The deposit base is overwhelmingly made up of individuals. As a result, most of its deposits are in gold and foreign currency (the Vietnamese population generally shun VND as a store of value and savings are usually kept in gold or USD). This gives the bank a leg up in its NIM as gold and foreign currency loans have a larger spread compared to VND loans.
The bank also runs fairly lean, with a cost to income ratio of just over 30% (as compared with Vietinbank with double the cost to income ratio).
The bad thing about Eximbank however, is its loan loss provision. I believe that due to the legacy of bad debts, Eximbank's criteria for bad loans may be more lenient, leading to one of the lowest loan loss provisions in the industry. While this may lead to nasty surprises in the future, I am not too concerned about this as Vietnam's banking industry is still in its infancy and we can count on growth. Besides, Eximbank's capital is more than adequate.
The main problem with this bank however, is that like Asia Commercial Bank, its foreign room is full and a foreign investor is unable to buy any more shares.
As discussed previously, Eximbank has an above average NIM because their deposits are largely in gold or foreign currency which have larger loan spreads. However, it is still lower than that of the State Owned Commercial Banks (SOCBs) or even Military Bank. Like other retail/SME focused commercial banks, Eximbank has to compete with everyone else for depositors while SOCBs always have the state owned companies to rely on for cheap deposits. A fairer comparison would be with Asia Commercial Bank in the area of NIM and in this respect, Eximbank does very well.
Financially, Eximbank only returned to normal profitability for the full year of 2006 as reflected by the ROE. Subsequently, its ROE remained low but due to different reasons. The huge capital surplus that they had from selling shares at the peak of the market (and hence the low leverage) was certainly a drag on their ROE. However, that is definitely more of a blessing for Eximbank during the dark days of economic crisis in 2008-2009!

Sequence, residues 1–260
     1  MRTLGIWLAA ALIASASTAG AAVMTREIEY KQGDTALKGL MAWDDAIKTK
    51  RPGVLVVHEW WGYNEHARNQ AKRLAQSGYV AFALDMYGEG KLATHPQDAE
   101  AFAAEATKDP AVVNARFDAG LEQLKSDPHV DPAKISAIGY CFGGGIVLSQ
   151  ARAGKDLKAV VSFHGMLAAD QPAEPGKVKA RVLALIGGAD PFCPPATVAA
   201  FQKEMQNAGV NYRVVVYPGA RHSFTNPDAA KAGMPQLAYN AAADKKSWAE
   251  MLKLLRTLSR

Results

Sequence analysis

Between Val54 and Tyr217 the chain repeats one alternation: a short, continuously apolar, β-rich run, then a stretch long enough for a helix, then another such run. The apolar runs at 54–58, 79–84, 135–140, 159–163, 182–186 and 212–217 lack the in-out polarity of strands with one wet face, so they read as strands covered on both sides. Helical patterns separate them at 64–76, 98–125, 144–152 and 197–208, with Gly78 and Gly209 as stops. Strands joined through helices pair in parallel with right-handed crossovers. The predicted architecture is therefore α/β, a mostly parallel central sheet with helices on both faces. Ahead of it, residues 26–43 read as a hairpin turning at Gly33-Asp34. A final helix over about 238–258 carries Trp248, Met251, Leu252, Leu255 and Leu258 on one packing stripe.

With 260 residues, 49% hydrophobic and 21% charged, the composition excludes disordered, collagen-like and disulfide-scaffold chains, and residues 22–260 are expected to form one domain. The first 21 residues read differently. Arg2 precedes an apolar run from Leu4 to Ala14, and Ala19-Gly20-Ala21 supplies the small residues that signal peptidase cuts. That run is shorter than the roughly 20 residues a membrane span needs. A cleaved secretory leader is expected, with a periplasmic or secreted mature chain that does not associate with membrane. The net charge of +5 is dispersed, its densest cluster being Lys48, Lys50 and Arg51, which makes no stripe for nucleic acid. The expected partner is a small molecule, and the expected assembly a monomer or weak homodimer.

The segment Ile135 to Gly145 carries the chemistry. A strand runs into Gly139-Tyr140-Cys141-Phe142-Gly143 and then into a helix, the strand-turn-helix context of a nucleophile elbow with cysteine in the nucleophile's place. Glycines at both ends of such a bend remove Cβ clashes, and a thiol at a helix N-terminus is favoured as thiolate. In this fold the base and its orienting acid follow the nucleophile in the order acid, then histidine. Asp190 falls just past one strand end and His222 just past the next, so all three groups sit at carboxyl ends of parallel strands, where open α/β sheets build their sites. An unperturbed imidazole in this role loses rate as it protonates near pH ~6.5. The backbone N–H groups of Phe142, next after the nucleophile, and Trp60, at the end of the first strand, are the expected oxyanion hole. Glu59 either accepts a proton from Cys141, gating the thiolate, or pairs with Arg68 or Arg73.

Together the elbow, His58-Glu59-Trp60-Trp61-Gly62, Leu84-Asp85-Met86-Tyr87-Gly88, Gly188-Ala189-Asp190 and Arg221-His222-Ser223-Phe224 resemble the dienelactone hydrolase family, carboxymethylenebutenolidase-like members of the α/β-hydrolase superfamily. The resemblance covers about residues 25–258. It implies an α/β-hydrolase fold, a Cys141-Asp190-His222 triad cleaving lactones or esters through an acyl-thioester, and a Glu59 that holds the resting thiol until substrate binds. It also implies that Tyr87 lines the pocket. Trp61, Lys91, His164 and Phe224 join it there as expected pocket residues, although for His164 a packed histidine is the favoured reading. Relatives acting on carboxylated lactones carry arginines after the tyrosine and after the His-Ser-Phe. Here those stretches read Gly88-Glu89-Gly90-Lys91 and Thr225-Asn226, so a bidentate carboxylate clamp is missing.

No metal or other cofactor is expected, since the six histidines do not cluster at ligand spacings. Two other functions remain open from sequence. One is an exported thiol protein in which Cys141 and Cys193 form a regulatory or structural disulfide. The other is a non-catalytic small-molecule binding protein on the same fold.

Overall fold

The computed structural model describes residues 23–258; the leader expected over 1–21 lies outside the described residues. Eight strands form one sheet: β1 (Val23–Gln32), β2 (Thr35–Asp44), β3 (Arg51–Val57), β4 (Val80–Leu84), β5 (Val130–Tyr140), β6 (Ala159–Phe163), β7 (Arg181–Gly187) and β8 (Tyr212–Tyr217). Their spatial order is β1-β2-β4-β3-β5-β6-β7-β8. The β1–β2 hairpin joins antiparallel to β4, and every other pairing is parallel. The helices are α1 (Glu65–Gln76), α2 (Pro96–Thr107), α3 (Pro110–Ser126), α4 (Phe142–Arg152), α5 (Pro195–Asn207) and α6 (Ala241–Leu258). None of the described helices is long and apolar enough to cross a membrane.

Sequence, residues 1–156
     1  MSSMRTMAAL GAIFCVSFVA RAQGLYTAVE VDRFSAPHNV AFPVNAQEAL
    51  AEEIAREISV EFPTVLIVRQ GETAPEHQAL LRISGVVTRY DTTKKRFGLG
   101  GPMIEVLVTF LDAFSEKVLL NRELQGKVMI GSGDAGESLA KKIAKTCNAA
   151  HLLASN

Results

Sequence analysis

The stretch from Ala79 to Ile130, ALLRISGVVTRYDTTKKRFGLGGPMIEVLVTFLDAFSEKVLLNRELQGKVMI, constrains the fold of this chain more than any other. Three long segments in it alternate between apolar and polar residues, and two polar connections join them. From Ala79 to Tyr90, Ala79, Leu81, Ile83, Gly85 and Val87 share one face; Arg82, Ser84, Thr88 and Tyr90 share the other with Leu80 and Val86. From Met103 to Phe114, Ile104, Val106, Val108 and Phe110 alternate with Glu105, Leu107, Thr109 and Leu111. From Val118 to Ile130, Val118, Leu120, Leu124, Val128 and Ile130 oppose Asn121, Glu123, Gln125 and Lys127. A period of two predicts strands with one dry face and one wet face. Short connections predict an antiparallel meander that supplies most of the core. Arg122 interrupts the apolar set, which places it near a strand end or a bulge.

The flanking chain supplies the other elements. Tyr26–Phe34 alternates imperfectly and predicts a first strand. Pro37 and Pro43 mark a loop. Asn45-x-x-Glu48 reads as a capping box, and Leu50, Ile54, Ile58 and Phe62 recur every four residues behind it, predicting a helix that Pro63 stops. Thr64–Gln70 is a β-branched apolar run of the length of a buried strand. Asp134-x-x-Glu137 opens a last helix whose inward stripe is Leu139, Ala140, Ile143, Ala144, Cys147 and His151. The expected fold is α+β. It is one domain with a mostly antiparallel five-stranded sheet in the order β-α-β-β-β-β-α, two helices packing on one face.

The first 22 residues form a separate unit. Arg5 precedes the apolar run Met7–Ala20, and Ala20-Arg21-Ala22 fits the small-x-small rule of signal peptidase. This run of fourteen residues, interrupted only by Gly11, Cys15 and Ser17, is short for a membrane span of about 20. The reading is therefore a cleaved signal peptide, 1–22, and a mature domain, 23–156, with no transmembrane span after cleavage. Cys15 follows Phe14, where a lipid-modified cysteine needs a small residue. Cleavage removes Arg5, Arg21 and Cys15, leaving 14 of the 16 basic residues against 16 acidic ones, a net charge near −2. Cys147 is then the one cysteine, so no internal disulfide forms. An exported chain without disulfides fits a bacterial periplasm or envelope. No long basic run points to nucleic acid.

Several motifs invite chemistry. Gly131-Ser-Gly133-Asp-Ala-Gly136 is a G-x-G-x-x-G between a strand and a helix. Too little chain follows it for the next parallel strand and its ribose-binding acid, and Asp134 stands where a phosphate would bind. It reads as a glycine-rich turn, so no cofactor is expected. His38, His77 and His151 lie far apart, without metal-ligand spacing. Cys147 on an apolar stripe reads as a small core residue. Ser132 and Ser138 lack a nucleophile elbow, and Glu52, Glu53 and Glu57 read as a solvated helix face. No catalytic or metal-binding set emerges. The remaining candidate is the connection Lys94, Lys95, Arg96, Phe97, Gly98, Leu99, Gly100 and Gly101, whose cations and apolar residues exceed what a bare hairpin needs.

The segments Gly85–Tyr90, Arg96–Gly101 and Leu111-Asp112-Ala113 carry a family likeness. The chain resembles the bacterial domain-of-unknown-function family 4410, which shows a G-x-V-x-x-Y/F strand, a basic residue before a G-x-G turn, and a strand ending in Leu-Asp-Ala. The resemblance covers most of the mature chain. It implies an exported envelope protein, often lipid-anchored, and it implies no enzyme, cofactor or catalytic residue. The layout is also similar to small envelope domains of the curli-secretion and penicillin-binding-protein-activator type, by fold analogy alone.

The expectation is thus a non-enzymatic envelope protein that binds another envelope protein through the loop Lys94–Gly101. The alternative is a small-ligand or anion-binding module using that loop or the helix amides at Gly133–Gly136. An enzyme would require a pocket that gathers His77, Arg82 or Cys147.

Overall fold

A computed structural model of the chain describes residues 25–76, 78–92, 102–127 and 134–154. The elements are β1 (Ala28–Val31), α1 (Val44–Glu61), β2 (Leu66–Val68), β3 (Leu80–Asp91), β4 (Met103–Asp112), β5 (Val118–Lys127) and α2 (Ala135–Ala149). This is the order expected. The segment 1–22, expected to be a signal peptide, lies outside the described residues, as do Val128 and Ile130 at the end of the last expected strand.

Shareholders of the bank definitely slept better and got better returns in the past few years than other comparable banks. Indeed, you see ROEs rebounding strongly in the past couple years and likely for more years to come.
Eximbank is currently the bank with the biggest ability among all the banks for increasing their profitability once market conditions pick up.
Growth of Eximbank
Like I mentioned previously, Eximbank was the only bank (from South east Asia) selected by The Banker to be in the top 25 fastest growing banks in the world. Its growth, especially recent growth has reflected this.
The growth of Eximbank especially since 2009 to 2001 has been off the charts. Credit is still tight in Vietnam and with its strong capital base, I believe that Eximbank still has much growth ahead. This is especially true once the economy of Vietnam improves and individuals and SMEs start to do better.
Indeed, Eximbank is the bank that is most leveraged to the growth and improvement of the economy of Vietnam.
Takeover of Sacombank
Eximbank had also bought a small equity interest in Sacombank which led to rumors that it will cooperate with Asia Commercial Bank (ACB) to take over Sacombank. However, unlike the takeover of Habubank by Saigon Hanoi Bank, this is less confirmed, not least because of the resistance of the management of Sacombank towards a hostile takeover and also Sacombank is much larger in size than Habubank.
Notwithstanding this, I believe that should the transaction go through, this will be very beneficial to Eximbank because it will help Eximbank grow significantly in size. However, they would need to be careful of what price they will be paying for Sacombank.
Unlike Habubank which is significantly undervalued and trading for significantly below book value, Sacombank shares are much more expensive at nearly 2 times of book value. I will be keeping a close eye on this potential transaction.